ERONGO governor Neville Andre has urged local authorities to make land available to large mining companies, at favourable rates, for the companies to service the land for their employees.

He said doing that could lead to the alleviation the problem of squatting in the region, which is increasing at an alarming rate.

“It is common practice in the Namibian uranium exploration and mining industries that employees are supported with housing schemes, so that homeownership is encouraged and developed.

“It is my hope that local authorities in the region hear the plea by these industries and provide them the land, to ease the housing burden,” he said.

Andre added that the industry has contributed a lot to the economic spin-offs in the region in the past three decades through their corporate social responsibility projects.

“These activities in the uranium mining sector in particular, contribute enormously to the national agenda of poverty alleviation and to the relevant pillars of the Harambee Prosperity Plan.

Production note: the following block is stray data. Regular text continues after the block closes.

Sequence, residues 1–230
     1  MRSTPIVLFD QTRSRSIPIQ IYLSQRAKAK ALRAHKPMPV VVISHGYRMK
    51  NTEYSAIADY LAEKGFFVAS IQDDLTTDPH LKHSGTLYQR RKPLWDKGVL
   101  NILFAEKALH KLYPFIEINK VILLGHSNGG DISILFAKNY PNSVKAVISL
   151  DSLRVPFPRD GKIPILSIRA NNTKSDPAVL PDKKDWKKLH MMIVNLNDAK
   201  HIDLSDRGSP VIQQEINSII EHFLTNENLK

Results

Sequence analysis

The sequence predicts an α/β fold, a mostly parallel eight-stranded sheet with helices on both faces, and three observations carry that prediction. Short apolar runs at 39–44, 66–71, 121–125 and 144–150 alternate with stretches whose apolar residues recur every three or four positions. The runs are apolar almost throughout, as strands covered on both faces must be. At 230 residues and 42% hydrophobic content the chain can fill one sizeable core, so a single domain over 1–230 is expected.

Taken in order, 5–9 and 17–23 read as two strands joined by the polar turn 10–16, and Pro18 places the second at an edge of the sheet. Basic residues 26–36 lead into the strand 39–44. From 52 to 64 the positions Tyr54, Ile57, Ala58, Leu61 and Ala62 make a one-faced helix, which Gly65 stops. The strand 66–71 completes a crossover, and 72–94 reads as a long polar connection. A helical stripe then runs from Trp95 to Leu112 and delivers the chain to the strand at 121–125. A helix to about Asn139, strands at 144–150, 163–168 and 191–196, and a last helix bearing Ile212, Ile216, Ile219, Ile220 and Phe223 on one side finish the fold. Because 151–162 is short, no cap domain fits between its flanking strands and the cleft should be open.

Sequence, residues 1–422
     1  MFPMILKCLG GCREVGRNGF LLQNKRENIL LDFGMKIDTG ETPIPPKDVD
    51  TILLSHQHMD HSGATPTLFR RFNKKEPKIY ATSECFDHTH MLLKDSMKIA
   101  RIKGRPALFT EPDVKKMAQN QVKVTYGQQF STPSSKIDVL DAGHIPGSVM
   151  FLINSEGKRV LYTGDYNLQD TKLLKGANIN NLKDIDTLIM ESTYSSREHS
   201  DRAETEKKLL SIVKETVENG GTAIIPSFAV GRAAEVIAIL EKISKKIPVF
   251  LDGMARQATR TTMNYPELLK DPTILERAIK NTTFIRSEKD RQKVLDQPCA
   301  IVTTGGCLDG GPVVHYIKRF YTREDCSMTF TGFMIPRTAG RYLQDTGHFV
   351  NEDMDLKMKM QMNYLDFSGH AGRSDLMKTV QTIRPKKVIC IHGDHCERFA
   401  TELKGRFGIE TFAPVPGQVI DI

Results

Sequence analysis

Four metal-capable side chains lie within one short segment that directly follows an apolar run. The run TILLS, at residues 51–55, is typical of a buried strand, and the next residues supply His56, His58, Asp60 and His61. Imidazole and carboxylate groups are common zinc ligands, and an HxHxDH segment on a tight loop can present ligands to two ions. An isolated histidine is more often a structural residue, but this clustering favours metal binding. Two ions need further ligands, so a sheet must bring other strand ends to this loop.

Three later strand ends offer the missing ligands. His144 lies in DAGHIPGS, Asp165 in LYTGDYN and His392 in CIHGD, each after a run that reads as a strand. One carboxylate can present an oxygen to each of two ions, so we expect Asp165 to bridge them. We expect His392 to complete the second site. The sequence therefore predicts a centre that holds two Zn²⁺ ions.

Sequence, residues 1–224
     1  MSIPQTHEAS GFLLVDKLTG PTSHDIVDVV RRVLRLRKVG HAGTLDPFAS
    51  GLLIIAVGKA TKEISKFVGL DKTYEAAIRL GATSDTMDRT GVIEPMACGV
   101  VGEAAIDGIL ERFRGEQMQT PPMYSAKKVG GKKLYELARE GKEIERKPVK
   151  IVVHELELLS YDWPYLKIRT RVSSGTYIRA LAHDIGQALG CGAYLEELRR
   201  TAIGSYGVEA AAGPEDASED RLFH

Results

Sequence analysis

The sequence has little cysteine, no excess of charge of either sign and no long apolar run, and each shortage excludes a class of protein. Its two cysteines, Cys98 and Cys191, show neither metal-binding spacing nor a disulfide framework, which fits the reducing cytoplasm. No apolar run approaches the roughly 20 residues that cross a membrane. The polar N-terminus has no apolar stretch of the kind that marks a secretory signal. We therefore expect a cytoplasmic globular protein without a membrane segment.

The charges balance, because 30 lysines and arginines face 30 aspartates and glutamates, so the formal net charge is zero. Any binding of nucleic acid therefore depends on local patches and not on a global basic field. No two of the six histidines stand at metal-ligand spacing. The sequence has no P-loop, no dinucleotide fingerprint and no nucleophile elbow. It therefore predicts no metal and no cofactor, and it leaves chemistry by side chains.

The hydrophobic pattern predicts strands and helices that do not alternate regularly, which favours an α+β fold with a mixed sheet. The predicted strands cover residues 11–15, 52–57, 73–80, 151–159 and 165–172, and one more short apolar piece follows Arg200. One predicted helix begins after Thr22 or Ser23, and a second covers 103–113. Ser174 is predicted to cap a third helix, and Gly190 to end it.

“The sector has always been ready to take up its social responsibility in this respect, and will continue to do so in the future. The work of the Rössing and Swakop Uranium Foundations and the contribution of entities that are even under care and maintenance, are noteworthy,” he said.

Direct employment provided by uranium mining and exploration companies in Namibia is about 2 900 permanent and 1 500 contract jobs, with only 3,2% of the employees being expatriates.

Most of the mining companies have 100% Namibian employees.

The Husab Mine is the single largest employer in Namibia’s mining industry, with more than 1 800 permanent jobs and 500 contract employees.


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